A Special Series on Sleep and Parenting
This content was created by the National Sleep Foundation
Sharing a bedroom, whether by choice or necessity, can be an opportunity for siblings to bond and learn important life lessons about cooperation. But for many parents, the real concern is whether their cohabitating kids are going to get any sleep. Here are some tips for making the most of your kids' shared sleep space after lights out.
Respect each child's bedtime needs.
Sharing a room doesn't have to mean sharing a bedtime. Create a special nighttime routine that allows each child to be tucked in when it best suits his or her individual sleep needs. That may mean putting the baby to bed before getting an older child into pajamas and reading books in Mom and Dad's bed. Or, there might come a time when the baby, who still takes naps, gets to stay up later.
Spread out the transitions.
An older child can certainly share a room with a baby—and many do. But consider holding out for a few months for your first child to get the hang of being a big sib before he or she gets the job of being a roommate, too. That gives you time to talk up the role while also waiting until the baby starts sleeping for longer stretches—ideally five or six hours. Until then, you might have the baby sleep in your room, which is recommended for the first six months or more to reduce the risk of SIDS.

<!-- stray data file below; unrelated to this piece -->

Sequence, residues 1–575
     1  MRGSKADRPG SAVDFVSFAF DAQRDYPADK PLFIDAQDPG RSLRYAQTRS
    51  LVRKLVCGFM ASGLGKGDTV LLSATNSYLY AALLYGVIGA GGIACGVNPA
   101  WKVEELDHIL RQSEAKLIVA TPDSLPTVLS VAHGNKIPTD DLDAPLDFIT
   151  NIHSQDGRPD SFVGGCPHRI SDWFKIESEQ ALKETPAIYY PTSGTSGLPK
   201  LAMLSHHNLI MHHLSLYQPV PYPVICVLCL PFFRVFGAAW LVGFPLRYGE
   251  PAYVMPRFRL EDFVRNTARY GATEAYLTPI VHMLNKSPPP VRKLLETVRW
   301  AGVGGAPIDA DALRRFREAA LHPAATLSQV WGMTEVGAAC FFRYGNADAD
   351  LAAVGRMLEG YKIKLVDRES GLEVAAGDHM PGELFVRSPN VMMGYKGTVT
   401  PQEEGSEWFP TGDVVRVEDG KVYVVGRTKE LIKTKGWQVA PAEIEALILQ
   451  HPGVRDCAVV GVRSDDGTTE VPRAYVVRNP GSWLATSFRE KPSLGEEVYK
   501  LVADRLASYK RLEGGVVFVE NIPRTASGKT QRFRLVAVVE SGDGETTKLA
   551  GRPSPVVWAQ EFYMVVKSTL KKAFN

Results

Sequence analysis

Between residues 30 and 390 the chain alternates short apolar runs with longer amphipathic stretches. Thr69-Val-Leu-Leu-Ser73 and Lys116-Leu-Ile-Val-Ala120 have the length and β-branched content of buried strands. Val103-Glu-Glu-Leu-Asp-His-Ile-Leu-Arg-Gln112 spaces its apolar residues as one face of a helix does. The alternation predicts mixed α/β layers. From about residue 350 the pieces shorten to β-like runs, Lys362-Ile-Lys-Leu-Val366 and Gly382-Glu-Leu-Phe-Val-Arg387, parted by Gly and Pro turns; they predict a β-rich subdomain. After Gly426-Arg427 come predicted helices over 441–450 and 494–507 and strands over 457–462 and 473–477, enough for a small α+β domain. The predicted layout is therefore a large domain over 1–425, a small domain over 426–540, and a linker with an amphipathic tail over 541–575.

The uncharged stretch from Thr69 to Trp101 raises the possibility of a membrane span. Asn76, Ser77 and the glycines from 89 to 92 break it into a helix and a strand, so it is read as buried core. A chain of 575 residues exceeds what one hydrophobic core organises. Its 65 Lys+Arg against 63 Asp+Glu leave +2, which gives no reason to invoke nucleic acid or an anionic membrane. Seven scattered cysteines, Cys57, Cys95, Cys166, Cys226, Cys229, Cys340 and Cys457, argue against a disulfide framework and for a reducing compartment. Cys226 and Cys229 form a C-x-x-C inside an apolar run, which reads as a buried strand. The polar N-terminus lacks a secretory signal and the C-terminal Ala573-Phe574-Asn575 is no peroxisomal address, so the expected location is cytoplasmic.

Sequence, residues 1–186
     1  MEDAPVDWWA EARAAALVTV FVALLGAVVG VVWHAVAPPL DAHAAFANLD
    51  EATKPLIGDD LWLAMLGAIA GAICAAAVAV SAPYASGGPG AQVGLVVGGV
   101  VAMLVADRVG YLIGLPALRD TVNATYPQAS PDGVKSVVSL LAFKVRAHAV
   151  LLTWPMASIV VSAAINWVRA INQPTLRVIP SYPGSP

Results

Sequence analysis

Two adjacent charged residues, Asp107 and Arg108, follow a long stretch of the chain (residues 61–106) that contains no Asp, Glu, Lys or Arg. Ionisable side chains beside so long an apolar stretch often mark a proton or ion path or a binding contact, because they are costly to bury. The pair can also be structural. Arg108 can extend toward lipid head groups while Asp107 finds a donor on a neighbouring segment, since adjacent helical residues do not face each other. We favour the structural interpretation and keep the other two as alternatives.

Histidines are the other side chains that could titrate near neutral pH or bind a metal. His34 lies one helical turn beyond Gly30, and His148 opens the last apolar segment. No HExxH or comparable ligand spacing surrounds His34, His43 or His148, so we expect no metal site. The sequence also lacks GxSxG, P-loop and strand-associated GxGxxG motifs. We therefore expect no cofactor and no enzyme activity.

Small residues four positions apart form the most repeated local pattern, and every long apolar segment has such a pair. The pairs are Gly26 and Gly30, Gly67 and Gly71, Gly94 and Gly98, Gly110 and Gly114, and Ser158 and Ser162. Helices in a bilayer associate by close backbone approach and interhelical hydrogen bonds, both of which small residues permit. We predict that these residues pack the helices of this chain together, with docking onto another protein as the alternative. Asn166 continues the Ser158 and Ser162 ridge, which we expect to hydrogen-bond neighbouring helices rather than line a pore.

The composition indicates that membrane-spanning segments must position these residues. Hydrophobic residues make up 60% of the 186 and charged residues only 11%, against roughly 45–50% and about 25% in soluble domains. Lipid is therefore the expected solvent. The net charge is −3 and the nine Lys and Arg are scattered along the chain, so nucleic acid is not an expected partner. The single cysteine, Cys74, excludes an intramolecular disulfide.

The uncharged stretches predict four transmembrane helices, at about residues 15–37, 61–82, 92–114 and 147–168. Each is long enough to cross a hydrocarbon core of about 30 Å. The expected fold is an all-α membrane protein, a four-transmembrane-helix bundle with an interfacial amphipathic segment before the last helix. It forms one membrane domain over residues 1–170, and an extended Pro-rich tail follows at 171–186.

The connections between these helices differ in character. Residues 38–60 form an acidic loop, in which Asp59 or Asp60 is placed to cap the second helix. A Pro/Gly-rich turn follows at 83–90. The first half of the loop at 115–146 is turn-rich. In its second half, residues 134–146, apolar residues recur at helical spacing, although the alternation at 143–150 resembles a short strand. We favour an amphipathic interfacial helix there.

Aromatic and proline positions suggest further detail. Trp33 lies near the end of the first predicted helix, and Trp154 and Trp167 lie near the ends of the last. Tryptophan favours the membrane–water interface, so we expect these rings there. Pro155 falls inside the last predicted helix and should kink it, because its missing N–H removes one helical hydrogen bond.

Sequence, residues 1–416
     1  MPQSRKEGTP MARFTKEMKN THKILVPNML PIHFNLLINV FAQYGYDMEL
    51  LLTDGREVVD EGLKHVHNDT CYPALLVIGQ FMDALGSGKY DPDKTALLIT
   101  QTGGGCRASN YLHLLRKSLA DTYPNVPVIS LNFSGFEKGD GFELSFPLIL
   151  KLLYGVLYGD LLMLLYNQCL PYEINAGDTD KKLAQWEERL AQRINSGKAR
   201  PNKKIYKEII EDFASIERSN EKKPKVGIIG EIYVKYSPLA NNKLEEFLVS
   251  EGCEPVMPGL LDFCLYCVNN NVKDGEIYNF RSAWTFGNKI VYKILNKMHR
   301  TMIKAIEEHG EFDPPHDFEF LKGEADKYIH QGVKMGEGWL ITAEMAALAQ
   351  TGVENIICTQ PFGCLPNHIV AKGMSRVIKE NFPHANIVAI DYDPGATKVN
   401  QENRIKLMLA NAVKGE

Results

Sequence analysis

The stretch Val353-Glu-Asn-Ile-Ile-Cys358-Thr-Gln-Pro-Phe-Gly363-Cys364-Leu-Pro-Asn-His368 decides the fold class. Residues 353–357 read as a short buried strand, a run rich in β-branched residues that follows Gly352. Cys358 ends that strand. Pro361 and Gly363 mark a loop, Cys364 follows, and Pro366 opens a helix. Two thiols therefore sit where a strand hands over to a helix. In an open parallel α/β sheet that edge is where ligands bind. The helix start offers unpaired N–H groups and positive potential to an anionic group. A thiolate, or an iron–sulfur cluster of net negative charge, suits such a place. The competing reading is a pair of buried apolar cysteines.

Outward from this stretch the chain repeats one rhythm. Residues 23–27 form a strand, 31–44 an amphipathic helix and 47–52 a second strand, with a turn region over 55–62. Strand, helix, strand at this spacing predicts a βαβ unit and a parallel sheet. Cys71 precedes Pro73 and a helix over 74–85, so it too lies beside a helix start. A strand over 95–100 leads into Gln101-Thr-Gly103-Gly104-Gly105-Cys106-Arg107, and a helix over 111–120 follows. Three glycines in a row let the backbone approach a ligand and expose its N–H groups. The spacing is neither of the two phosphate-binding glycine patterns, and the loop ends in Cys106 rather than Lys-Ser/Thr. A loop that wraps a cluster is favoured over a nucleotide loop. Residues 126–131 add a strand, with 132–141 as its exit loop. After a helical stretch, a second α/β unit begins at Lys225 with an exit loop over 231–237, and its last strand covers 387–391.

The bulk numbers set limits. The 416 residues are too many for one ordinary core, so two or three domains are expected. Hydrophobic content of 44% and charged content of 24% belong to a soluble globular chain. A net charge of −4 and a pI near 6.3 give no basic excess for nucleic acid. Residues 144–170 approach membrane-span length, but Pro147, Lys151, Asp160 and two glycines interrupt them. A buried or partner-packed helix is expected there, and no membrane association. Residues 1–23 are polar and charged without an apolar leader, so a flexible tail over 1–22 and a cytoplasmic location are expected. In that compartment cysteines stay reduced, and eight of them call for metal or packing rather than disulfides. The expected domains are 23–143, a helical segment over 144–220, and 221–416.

Prepare your older child.
Talk about the fact that the baby is likely to wake up and cry during the night, and that Mom or Dad will come in to feed her or change her diaper. When your child knows what to expect, he or she is less likely to be startled. You might even be surprised by how much he or she is able to sleep through all of it.
Set some ground rules.
If every night is turning into a slumber party of staying up giggling and talking, set limits. You might say, "No talking once the lights are out," or allow 10 minutes of chitchat followed by quiet time. If one child is an early bird, teach him or her to quietly slip out in the A.M. without waking his or her sibling.
Embrace white noise.
"Mom, he's breathing too loud!" Sound familiar? A fan, air purifier, or dedicated white noise machine can help to muffle noises so everyone sleeps a little more soundly.
Prepare a Plan B.
Plan ahead for how you'll handle things like a bout of teething or an up-all-night illness. You and your spouse may need to shortchange your own sleep, but try to insulate room-sharing sibs from the interruption. For babies, a portable play yard in another room can be an ad hoc sleep solution. For bigger kids, a sleeping bag in the living room or an air mattress can provide separation when needed.